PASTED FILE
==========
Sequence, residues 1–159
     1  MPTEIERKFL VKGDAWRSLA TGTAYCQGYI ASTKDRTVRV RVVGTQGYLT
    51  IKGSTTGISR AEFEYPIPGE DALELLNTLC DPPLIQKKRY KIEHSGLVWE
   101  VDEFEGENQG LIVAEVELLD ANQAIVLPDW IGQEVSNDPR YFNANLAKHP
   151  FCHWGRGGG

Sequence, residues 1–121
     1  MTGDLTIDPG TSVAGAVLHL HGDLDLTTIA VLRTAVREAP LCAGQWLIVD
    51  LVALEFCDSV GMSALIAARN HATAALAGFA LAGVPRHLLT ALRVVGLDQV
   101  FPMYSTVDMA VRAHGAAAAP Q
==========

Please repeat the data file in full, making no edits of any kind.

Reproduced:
Sequence, residues 1–159
     1  MPTEIERKFL VKGDAWRSLA TGTAYCQGYI ASTKDRTVRV RVVGTQGYLT
    51  IKGSTTGISR AEFEYPIPGE DALELLNTLC DPPLIQKKRY KIEHSGLVWE
   101  VDEFEGENQG LIVAEVELLD ANQAIVLPDW IGQEVSNDPR YFNANLAKHP
   151  FCHWGRGGG

Sequence, residues 1–121
     1  MTGDLTIDPG TSVAGAVLHL HGDLDLTTIA VLRTAVREAP LCAGQWLIVD
    51  LVALEFCDSV GMSALIAARN HATAALAGFA LAGVPRHLLT ALRVVGLDQV
   101  FPMYSTVDMA VRAHGAAAAP Q